While thought to be a rare entity within the city, the freestanding garage adjacent to a housing unit is found in large quantities in neighborhoods such as the Mission District. The design for the secondary unit capitalizes on the existing structure as framework for organizing the apartment’s spaces. A service core consisting of a kitchen and washroom is situated in the center of the unit. This alleviates the need for additional partitions while acting as an armature for built-in furniture, storage and closets.

Click to enlarge drawings of the Side Court >>

Drawings by Enrique Justicia.

 

ADUs: Prototypes

In May 2014, OpenScope Studio was tasked by the San Francisco Planning Department to research a set of prototypical solutions for adding Accessory Dwelling Units to existing homes in the city. The resulting prototypes (two of which are presented here), created to guide homeowners towards understanding the improvements and process required to add a secondary unit, will be published this spring in the Accessory Dwelling Unit Handbook, along with financial information to help people decide whether or not adding another unit will fit their budget.

There are many precedents for attractive secondary units from around the world, and they are one piece of the complex puzzle of providing for the city’s housing needs.
 

PROTOTYPE A

Partial garage conversion in a single-family home

The existing building is one of the more common housing types in San Francisco — a two-story singlefamily home with an open garage on the ground floor and all of the living space and bedrooms upstairs.  These buildings are generally twenty five feet wide, filling the entire width of the typical San Francisco parcel and leaving no room for a side yard.

Click to enlarge drawing >>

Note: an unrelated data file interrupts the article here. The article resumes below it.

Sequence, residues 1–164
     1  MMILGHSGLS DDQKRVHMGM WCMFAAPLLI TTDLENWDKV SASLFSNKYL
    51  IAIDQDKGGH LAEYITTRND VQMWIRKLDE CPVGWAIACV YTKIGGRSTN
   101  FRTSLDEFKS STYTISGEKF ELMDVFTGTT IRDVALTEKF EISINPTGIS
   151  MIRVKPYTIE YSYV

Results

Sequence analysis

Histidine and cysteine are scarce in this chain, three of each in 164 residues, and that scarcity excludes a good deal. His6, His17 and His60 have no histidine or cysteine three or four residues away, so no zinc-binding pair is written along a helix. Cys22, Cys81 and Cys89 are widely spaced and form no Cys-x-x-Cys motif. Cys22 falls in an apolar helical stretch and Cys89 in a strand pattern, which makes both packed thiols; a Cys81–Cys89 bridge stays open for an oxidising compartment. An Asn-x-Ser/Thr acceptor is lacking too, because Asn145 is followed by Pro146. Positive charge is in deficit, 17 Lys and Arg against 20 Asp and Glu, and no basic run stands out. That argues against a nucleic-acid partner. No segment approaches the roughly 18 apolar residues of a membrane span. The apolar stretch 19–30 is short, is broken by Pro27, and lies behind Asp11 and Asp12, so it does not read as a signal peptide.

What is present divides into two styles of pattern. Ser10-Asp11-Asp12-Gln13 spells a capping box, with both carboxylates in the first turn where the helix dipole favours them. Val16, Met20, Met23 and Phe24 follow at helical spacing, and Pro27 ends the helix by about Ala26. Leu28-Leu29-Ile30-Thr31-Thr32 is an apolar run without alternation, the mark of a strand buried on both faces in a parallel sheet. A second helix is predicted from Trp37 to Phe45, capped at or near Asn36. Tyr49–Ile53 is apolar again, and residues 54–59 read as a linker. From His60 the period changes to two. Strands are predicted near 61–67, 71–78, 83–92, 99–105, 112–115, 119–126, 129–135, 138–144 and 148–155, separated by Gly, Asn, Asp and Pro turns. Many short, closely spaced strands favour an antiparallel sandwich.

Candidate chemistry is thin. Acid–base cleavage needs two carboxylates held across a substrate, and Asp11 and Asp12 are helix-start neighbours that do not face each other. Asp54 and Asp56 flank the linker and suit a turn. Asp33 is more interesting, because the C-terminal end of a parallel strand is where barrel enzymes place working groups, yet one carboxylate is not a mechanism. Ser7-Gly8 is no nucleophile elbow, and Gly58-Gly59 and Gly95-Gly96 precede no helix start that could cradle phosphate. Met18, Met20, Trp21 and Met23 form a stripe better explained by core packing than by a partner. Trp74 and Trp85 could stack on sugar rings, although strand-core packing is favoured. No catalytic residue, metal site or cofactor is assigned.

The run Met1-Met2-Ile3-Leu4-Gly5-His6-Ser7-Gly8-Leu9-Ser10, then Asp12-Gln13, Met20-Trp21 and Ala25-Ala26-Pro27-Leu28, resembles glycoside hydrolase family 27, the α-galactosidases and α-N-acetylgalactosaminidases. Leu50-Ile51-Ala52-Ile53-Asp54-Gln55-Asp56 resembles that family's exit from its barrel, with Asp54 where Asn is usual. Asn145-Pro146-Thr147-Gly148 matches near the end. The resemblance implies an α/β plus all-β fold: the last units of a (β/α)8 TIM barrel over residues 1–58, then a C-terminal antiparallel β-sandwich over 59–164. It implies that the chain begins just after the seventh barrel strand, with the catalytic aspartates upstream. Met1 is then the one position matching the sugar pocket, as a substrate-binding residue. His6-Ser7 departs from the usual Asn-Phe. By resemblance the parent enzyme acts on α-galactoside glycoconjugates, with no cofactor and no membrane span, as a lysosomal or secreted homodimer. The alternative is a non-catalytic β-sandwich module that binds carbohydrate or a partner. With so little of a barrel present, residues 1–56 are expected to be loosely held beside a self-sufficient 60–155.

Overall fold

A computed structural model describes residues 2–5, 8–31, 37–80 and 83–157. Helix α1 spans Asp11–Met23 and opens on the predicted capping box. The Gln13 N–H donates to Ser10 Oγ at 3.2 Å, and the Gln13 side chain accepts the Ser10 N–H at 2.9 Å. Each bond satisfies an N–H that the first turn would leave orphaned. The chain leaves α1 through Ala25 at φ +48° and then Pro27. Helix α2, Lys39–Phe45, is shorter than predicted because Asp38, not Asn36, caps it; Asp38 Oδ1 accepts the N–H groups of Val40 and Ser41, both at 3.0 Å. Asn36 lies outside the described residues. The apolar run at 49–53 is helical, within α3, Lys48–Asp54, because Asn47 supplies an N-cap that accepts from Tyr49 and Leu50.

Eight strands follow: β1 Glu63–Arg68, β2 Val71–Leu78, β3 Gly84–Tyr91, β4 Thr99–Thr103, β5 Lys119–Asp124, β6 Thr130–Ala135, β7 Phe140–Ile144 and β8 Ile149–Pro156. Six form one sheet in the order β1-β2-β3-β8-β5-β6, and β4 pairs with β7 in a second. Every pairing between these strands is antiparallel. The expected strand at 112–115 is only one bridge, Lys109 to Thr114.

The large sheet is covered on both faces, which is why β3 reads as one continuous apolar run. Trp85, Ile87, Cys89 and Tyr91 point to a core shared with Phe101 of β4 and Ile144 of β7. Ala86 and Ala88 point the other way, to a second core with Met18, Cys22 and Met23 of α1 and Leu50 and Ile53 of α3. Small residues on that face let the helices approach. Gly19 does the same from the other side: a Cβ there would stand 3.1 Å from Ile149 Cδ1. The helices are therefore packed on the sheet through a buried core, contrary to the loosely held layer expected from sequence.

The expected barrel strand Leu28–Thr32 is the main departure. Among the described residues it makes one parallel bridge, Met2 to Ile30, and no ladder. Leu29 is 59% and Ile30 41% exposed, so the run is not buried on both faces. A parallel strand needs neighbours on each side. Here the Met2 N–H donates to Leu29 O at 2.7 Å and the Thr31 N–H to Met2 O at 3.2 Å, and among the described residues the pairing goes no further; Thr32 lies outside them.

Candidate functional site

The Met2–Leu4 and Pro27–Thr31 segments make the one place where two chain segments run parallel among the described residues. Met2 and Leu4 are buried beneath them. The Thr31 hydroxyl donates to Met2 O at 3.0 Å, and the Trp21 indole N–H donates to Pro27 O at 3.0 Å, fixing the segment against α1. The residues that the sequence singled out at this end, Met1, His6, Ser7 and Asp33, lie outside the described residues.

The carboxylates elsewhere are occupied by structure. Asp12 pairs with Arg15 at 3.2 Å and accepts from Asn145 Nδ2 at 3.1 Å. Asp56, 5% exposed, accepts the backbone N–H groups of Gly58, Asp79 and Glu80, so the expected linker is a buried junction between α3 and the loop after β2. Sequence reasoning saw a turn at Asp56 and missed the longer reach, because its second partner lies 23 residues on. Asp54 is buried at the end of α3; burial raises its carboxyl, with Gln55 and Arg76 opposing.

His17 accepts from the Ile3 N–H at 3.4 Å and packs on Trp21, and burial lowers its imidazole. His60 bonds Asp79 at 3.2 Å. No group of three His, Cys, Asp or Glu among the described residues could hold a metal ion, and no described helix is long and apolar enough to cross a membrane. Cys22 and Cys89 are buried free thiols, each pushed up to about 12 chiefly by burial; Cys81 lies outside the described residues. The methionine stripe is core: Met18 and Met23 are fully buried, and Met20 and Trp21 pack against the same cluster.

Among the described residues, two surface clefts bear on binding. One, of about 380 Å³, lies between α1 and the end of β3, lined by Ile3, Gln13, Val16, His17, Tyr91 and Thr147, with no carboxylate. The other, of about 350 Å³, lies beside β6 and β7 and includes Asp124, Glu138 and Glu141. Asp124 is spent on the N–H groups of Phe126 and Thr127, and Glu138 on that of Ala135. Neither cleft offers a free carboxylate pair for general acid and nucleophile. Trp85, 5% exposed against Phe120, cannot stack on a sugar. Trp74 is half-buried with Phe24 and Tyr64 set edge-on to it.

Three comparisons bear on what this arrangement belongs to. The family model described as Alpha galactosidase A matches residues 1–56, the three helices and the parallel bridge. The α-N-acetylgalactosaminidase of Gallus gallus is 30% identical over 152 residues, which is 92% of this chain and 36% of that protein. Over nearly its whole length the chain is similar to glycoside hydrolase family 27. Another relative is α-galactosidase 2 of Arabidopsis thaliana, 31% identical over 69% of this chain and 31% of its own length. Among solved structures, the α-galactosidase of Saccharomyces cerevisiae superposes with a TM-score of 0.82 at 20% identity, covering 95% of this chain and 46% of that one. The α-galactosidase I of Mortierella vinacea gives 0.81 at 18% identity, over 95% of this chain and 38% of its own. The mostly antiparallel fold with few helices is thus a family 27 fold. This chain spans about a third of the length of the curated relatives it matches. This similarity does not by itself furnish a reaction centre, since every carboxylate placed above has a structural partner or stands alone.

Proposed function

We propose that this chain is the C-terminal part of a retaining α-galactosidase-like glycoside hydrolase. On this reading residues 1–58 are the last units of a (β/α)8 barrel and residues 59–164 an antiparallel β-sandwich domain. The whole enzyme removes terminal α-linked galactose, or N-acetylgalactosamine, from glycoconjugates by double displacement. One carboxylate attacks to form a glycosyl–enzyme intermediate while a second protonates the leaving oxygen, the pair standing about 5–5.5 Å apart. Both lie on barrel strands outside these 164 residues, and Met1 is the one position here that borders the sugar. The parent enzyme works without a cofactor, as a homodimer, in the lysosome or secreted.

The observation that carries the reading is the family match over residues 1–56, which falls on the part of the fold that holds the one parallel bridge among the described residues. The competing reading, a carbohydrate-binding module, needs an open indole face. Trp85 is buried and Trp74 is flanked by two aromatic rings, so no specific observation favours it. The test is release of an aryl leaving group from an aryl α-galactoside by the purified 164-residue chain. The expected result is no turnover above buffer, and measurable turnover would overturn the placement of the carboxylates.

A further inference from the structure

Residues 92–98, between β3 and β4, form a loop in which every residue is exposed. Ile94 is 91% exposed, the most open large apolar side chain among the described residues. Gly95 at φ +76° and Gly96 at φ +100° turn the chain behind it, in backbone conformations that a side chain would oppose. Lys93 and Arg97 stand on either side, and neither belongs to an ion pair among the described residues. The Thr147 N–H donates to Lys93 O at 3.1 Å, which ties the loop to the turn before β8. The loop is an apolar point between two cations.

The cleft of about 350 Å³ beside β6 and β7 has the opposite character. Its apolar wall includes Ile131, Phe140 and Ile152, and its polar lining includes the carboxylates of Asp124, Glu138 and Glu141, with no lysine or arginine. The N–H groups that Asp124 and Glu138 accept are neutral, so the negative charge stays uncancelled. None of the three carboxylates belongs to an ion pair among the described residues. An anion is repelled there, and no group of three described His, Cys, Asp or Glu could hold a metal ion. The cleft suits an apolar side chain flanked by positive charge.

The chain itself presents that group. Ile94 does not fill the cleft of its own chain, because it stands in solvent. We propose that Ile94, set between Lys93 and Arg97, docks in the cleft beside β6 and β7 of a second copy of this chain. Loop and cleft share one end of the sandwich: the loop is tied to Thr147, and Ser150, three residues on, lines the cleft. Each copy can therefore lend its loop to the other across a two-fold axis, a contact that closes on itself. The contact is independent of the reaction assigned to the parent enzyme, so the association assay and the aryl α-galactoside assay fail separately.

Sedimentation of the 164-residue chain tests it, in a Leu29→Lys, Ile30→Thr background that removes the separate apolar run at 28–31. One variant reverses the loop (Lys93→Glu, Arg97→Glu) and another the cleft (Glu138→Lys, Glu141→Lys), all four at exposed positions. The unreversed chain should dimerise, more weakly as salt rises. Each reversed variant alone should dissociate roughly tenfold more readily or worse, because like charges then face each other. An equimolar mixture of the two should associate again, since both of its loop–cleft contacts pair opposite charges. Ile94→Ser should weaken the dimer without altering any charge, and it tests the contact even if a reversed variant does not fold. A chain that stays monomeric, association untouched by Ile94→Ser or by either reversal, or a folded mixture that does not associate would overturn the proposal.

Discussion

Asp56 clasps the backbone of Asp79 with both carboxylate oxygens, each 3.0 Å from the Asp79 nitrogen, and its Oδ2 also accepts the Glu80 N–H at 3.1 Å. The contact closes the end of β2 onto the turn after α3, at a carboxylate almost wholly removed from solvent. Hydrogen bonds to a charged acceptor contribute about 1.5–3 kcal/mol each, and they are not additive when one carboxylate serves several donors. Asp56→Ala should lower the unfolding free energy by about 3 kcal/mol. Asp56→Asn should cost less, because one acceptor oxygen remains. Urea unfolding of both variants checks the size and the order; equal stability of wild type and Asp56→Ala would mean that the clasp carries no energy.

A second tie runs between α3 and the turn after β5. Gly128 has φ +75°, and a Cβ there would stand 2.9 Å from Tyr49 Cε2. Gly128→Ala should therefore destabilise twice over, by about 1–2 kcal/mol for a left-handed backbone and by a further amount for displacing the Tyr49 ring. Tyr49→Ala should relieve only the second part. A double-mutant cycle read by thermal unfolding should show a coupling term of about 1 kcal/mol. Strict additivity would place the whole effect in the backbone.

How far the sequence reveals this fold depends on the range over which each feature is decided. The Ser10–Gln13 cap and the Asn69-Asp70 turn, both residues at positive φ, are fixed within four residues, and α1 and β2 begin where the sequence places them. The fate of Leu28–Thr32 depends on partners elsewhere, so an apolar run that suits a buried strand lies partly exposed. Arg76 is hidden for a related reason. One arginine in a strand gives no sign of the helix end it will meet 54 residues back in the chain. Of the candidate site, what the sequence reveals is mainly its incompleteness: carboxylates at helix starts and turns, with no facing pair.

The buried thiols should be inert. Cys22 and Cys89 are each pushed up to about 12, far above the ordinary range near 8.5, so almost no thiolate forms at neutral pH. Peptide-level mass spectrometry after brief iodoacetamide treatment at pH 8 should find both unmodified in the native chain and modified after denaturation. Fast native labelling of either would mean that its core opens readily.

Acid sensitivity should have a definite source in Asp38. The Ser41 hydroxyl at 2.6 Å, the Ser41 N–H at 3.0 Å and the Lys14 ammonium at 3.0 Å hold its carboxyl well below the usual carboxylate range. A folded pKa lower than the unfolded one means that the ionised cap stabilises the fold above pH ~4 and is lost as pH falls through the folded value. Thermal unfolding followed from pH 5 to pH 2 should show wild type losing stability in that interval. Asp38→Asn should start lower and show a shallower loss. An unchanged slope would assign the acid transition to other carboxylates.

Drawing by OpenScope Studios

ADU strategy

The unit plan assumes at least one on-site parking space will remain, and that the existing footprint of the house will be maintained. The unit is arranged at the rear of the ground floor, with the living space and bedroom placed against the exterior wall to take advantage of the natural light and ventilation.  It is likely that the upstairs bathroom and/or kitchen are located towards the middle of the plan as well, hopefully allowing for a relatively easy access to service lines. San Francisco will not permit a dwelling unit to exit directly through a garage, so a dedicated exit hall has been built inside the garage leading from the rear unit to the tradesman door at the front.

 

PROTOTYPE C

Partial garage conversion in a duplex The existing building consists of two flats over an open one-story ground floor garage. Unless the site is on a steep uphill slope, the garage is typically large enough to park two cars in tandem and still have room for storage along the rear wall. A narrow side yard often provides access from a tradesman door to the backyard. The units above may extend over a portion of the side yard, but the majority of this space is open to the sky and functions as a lightwell. There is a single shared entry stair leading up from the street to a common landing at level two. Access to the upper flat continues up a second interior stair. There is often a secondary stair near the rear of the building that gives one or both of the units access to the rear yard and side yard/lightwell.

Click to enlarge drawing >>

Drawing by OpenScope Studios

ADU Strategy

To maximize opportunities for natural light and ventilation in the living and sleeping spaces, most solutions plan for the kitchen and bathroom to be brought as far into the middle of the building as is feasible. This design has moved the bedroom behind the main living space, separating them with partial height walls so that natural light can be shared between both rooms.

 

Urbanism From Within is co-presented by California College of the Arts, the Urban Works Agency, the San Francisco Planning Department and OpenScope Studio. On view at SPUR through May 21, 2015.